Azure Networking or: How I Learned to Stop Worrying and Love Dynamic Addressing

Cloud, Networking
Very few things need statically assigned addresses anymore.  Routers, which includes load balancers and firewalls, and DHCP servers being the top of the list.  Once you move to the cloud, those two are handled for you. If you set a static IP on a device in Azure, it will actually break the networking on the device in strange and interesting ways.  You must configure the networking via the portal, PowerShell, or API.  The "static" IPs you assign from the portal are actually DHCP reservations.  This centralization of IP management makes it incredibly easy to prevent conflicts, track resource utilization, and programatically apply CRUD to the network.  On top of that, it removes the hassle of remembering where to set the IP on the host (/etc/network/interfaces vs /etc/sysconfig/network-scripts vs Set-NetIPAddress). A…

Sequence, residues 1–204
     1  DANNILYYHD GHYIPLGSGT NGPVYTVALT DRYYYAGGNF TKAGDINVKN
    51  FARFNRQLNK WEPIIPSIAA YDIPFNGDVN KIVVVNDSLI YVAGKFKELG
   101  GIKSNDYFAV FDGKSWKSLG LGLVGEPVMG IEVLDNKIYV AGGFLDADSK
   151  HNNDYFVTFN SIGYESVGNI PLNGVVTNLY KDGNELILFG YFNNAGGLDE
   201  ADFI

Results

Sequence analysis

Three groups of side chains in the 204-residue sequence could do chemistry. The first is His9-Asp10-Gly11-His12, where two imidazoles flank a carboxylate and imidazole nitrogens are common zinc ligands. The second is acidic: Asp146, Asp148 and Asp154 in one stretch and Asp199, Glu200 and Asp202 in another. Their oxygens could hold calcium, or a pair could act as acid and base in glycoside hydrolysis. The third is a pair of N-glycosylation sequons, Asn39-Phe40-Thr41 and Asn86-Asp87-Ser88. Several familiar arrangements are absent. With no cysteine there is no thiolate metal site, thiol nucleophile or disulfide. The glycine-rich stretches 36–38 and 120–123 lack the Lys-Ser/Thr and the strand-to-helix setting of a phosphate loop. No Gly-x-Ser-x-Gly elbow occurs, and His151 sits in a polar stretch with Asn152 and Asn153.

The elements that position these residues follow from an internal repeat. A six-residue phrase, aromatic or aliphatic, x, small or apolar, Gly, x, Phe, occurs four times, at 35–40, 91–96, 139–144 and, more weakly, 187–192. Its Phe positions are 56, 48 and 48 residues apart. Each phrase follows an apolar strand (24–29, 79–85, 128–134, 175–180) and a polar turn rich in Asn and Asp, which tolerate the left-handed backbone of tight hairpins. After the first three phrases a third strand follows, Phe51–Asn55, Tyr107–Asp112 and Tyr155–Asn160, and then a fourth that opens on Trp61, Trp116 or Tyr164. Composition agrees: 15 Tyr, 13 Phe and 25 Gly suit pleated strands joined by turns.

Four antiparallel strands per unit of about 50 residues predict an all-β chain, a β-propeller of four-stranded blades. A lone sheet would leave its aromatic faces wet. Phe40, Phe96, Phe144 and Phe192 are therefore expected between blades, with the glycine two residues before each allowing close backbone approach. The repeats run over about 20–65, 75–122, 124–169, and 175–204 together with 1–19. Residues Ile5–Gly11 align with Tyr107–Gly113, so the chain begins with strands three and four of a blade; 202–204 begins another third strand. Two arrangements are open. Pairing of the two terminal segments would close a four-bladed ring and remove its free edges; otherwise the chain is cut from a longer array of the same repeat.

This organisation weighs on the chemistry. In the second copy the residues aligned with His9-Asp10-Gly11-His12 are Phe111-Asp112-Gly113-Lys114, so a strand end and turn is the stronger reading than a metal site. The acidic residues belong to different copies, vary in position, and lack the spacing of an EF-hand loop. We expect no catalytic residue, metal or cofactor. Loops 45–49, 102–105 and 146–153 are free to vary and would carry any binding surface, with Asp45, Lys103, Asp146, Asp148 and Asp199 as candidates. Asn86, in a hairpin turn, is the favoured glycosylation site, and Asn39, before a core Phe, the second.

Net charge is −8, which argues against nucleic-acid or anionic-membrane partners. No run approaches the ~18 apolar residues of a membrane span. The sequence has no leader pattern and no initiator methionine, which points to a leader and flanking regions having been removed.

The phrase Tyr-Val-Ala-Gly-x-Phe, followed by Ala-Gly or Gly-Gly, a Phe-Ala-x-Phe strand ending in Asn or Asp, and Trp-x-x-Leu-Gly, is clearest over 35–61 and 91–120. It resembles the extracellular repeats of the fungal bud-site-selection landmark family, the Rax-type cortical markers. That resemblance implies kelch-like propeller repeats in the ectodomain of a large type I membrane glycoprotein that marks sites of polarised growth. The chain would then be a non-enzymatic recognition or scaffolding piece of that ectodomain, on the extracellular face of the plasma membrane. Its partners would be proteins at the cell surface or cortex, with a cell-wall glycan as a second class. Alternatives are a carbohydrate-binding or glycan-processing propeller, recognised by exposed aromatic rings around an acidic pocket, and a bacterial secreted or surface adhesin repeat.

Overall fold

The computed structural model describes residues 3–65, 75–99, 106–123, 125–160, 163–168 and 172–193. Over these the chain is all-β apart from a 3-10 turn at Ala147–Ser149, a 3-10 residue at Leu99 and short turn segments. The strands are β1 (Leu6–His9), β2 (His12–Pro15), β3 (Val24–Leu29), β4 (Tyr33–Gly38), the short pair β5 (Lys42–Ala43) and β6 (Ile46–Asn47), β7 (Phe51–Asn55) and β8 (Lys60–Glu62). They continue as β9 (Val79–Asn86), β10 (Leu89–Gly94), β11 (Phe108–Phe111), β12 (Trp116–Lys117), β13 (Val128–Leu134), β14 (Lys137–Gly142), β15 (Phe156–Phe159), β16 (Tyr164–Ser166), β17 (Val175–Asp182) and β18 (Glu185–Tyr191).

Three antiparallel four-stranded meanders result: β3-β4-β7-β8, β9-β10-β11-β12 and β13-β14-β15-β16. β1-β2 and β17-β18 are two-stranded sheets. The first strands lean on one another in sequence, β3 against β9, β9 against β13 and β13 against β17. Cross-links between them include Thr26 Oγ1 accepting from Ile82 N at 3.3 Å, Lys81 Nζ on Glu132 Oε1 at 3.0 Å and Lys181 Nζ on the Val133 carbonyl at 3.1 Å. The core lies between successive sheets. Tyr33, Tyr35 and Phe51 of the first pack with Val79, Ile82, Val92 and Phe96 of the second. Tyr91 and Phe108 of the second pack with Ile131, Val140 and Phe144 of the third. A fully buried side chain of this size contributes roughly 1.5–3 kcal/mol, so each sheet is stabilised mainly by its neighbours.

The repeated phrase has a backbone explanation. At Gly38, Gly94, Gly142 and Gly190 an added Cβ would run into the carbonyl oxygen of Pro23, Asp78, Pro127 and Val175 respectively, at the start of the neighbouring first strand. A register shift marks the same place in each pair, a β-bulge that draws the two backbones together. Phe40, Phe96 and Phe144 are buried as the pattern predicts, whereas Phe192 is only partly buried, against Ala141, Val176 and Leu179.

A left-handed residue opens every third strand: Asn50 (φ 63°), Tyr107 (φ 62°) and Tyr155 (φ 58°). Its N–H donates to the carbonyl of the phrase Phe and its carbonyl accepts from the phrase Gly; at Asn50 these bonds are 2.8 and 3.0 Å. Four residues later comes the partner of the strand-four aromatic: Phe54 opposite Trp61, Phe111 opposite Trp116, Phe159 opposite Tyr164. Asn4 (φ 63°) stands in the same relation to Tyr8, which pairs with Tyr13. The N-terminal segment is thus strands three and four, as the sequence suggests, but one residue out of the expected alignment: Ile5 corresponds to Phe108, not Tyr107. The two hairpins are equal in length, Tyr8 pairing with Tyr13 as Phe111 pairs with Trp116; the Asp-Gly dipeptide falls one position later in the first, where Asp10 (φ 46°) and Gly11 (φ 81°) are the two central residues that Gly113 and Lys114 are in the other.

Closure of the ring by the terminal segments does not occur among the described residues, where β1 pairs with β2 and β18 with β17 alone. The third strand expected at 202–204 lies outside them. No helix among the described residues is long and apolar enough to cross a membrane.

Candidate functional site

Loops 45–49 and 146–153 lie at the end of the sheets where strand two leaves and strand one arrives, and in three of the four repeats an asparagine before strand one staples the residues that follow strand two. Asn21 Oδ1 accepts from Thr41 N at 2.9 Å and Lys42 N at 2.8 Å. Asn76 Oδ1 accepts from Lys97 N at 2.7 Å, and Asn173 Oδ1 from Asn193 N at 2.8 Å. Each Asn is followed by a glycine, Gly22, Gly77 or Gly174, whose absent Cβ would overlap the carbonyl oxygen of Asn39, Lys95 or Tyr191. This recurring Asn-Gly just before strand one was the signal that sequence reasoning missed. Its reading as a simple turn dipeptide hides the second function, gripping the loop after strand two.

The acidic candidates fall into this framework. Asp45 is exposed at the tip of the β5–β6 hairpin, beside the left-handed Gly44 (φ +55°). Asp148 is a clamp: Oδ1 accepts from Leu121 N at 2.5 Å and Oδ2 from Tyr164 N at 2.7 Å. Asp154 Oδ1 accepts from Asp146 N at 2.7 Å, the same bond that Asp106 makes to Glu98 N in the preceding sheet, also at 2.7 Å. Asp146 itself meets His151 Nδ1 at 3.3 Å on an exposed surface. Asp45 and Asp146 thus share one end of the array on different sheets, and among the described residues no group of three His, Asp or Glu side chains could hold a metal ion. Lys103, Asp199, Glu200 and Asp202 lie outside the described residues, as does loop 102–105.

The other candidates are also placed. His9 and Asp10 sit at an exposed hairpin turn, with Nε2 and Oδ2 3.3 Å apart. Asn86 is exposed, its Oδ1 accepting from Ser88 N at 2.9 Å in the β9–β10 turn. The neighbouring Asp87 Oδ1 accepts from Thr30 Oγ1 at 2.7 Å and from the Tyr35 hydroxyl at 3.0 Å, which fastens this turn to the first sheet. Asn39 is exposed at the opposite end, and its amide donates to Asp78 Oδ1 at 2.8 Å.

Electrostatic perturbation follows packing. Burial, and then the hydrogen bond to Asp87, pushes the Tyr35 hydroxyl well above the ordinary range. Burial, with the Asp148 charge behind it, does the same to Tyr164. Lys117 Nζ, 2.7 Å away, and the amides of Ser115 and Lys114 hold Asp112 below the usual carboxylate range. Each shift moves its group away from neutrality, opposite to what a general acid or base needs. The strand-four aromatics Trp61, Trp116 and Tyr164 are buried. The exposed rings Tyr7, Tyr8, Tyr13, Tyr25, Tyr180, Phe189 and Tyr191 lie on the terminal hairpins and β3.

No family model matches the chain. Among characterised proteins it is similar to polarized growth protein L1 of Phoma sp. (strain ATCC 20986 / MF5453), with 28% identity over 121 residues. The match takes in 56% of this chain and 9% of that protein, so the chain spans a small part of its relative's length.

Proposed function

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Of defaults and bad ideas

Networking
Since CloudFlare has taken over 1.1.1.1 and 1.0.0.1, they have started pulling back the curtain on some really ugly default settings.  From router configs with hardcoded ips to really bad documentation not using the RFC5737 IPs, it's apparent that companies great and small are bad users of the internet. To help fight that, please use only your allocated space (either from your RIR or ISP), and for generic documentation use the correct IP space.  1.1.1.1, 2.2.2.2, and 3.3.3.3 are all valid IPs, and it's very unlikely that you own them. For documentation, please use the following subnets (RFC5737 and RFC3849): 192.0.2.0/24 198.51.100.0/24 203.0.113.0/24 2001:DB8::/32 In the same vein, for documentation, please use the following domains (RFC2606): example.com example.net example.org For internal networks, please use the following IPs if you absolutely…
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